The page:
RAND analysis finds Army downsizing plan inadequate for current defense commitments

When it comes to the current plan to downsize the active duty Army to 450,000 soldiers, military leaders have consistently said the force would be large enough to execute the current defense strategy, but only at the “lower ragged edge of risk.”

A new analysis from the federally-funded RAND Corporation begs to differ, and finds “significant shortcomings” in the forces planned to meet three major defense missions the U.S. already promised it would execute: combating terrorism, deterring aggression, and preventing the spread of weapons of mass destruction. Those shortcomings are a recipe for future regret by current policymakers, Timothy Bonds, the vice president of RAND’s Army research division told the Commission on the Future of the U.S. Army last week.

The 2014 Quadrennial Defense Review (QDR) laid out plans to confront each of those challenges and while those plans were credible at the time, Bonds said, they were written before the Islamic State occupied large swaths of Iraq and Syria and before a Russian-backed invasion by “volunteers” in Ukraine showed that the Putin government is willing and capable of using force to expand its borders. He estimates the actual demand for Army forces is now about 545,000 soldiers.

“It turns out the Middle East is actually in much worse shape than we assumed in what was described in the 2014 QDR as the ‘rebalance’ to the Pacific,” Bonds told me in an interview for a forthcoming edition of our weekly radio show, On DoD. “The seizure of entire population centers by a terrorist group really wasn’t anticipated. There were indications in the QDR that Russia wasn’t respecting the sovereignty of its neighbors, but that was before it was clear that there would be a conventional Russian attack.”

Perhaps the biggest mismatch between current Army drawdown plans and the force levels needed to carry out its existing commitments is in the area of deterring potential moves by Russia into NATO-member Baltic states, where President Barack Obama recently raised the stakes by with a speech in Estonia in which he told those nations: “An attack on one is an attack on all. So if, in such a moment, you ever ask again, ‘who will come to help,’ you’ll know the answer — the NATO alliance, including the armed forces of the United States of America. You lost your independence once before. With NATO, you will never lose it again.”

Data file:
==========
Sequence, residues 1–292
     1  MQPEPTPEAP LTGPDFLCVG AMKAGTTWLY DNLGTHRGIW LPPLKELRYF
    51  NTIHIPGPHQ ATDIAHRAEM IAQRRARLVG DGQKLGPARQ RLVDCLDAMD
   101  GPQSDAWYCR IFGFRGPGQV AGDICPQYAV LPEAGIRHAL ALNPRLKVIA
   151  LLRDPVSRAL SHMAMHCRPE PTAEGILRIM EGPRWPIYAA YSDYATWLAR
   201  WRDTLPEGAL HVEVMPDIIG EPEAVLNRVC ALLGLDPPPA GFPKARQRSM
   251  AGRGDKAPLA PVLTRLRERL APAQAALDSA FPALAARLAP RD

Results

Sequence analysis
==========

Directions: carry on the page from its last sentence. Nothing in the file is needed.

Since Russia’s annexation of Crimea, the Army has begun to preposition tanks and other military equipment in eastern Europe. But RAND’s analysis concludes that because of significant drawdowns of the overall U.S. military presence in Europe – 28,000 troops now compared to 70,000 in 2002 – the forces that could quickly respond to a potential Russian invasion would be quickly overrun, and Russian troops could be in Baltic capitals in as little as a day-and-a half.

“The comparison we’ve made is what is required to actually make it difficult enough for Putin to invade that it would cause him pause if that were his intent,” Bonds said. “Right now, when President Putin looks across the Baltics to the Baltic Sea, what he sees are a company-sized element from the U.S. in each of those countries, and that’s very small. What he mainly sees is some strong language from NATO. What he needs to see is a certain war with NATO if he crosses that border along with a high degree of uncertainty that he’s going to win that war. That actually comes at a fairly low cost in terms of the forces we would have to commit: an armor brigade in each of these countries is very small compared to the forces we had in Germany during the Cold War.”

The U.S. could choose to meet its Baltic defense commitments by removing forces from the Middle East or South Korea, but under-resourcing those defense commitments could also serve as sources of regret, if, for example, the Islamic State gained ground or North Korea sensed an opportunity to launch an artillery barrage against Seoul, Bonds said.

The RAND analysis recommends the Obama Administration and Congress pause the current Army drawdown at the 490,000 active duty soldiers planned for the end of this year and fund the extra 40,000 troops in the Pentagon’s Overseas Contingency Operations budget until things stabilize in the Middle East and Eastern Europe. That approach would meet the 545,000-troop demand Bonds thinks is necessary, assuming 86,000 National Guard and Army Reserve soldiers were ready to deploy immediately and that the Marine Corps contributes 69,000 land forces.

Bonds pointed out that another obvious option is for the U.S. to simply scale back its defense commitments if it’s unwilling to adequately fund them.

“We could say that we simply are no longer really committed to the defense of an ally or an operation in ways that we’ve promised. But I think that also would be a mistake we’d regret.”

This post is part of Jared Serbu’s Inside the DoD Reporter’s Notebook feature. Read more from this edition ofJared’s Notebook.

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